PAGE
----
Re: -mm -> 2.6.13 merge status (fuse)

From: Eric Van Hensbergen
Date: Wed Jun 22 2005 - 10:59:53 EST

On 6/22/05, Pavel Machek <pavel@xxxxxx> wrote:
> >
> > I think that's a rather severe statement. I don't see allowing user
> > mounts damaging standard UNIX system semantics as long as certain
> > rules are followed. After all, user-mounts and private name spaces
> > are what the original authors of UNIX went on to develop.
> Well, but notice how it is called "Plan 9", not "Unix" :-). The
> "certain rules" are rather tricky to enforce... btw any ideas how
> Plan 9 solves problems around user-mounts? Does it allow it at all?

I agree the rules can be tricky, but I think we can start with
something ultra-conservative (but not as ultra-conservative as no user
mounts) and work from there.

Plan 9 does indeed allow (in fact in many ways it depends on) user
mounts. There are a number of answers for how it gets around some of
the sticky issues -- some of those may be applicable in UNIX-style
systems, while others most likely don't apply.

The ones that don't apply:
(a) Plan 9 has no root user, nor does it have a concept of
setuid/setgid -- this solves a lot of problems, but isn't practical in
UNIX environments.
(b) Plan 9 cluster environments typically have user-controller
terminals and shared centralized resources (cpu servers, file servers,
etc.) Users have more or less complete control over their local
workstation (which includes their name space) -- and they can import
resources/services from shared servers (where they have less/no
control). Critical services, such as authentication, are hosted on a
remote server protected from normal users. While this sort of
environment can be set up using UNIX systems -- its probably not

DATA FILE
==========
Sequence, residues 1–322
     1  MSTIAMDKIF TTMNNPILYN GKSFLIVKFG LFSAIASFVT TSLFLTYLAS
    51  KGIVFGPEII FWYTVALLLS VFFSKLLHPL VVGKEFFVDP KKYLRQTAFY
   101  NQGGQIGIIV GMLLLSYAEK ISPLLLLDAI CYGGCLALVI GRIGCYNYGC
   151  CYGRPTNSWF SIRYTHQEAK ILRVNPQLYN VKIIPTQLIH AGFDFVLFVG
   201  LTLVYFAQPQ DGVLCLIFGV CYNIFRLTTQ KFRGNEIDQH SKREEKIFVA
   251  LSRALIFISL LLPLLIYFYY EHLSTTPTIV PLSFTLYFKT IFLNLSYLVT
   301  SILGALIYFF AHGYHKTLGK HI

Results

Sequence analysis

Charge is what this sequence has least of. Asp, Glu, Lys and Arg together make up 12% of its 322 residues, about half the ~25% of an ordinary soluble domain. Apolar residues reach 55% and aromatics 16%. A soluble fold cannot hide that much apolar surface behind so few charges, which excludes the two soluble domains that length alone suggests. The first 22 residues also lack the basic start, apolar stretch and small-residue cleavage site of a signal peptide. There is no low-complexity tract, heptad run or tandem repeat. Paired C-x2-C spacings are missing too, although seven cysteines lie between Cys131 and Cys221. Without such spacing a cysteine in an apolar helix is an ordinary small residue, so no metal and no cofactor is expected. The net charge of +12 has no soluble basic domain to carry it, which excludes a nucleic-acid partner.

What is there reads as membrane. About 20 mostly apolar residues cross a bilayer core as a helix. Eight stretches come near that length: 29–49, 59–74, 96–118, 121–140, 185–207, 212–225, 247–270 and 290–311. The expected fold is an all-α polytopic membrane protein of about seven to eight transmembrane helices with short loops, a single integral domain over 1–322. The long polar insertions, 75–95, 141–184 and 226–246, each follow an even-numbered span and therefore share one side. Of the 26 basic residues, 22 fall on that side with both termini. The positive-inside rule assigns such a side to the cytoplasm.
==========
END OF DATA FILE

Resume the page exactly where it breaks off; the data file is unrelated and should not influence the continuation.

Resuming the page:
practical for most folks.

The ones that do apply:
(c) Private Name Space - by default, every new process in Plan 9 gets
a private name space inherited from its parent. This means that any
user mounts will be in their own private name space and not interfere
with system tasks or other users. As I've stated, I think this has
direct application in UNIX environments. We may not go to the extreme
of making CLONENS the default for new threads, but I think it should
be easy enough to enforce unprivileged mounts be in a non-global name
(d) For situations in which sharing a name space is desirable, the
name space is re-exported through a global handle (/srv in Plan 9's
case) so that a user can mount instances of his private name space in
other threads -- or he can set permissions on the handle so it may be
used by other users. This re-export is done using the 9P protocol
(although if re-exporting to the same system it short-circuits to just
function calls within the OS). The 9P layer adds a certain level of
security to just allowing name spaces to be accessed/mounted directly
- of course it also adds a bit of overhead. We are currently looking
at this sort of implementation in the v9fs 2.1 release.

Given that (a) & (b) aren't practical in UNIX environments, I think a
reasonable set of restrictions (some of which were suggested by
Miklos) can be used to maintain integrity:
1) only allow user's to mount/bind on directories/files where they
have unconditional write access.
2) enforce NOSUID mount options on user-mounts

If you combine these two restrictions with only allowing unprivileged
mounts in private name space I think you get 90% there. The only
thing left to resolve is the best way to allow sharing private name
spaces between threads/users -- and I still view this as more of
extended functionality than a hard-requirement.

I'm giving a talk at OLS overviewing my perspective on the barriers
and solutions. My motivation was to try and get some
dialog/compromise/closure on some of the user-space mount and private
name space issues. Hopefully some of the stake-holders will attend.

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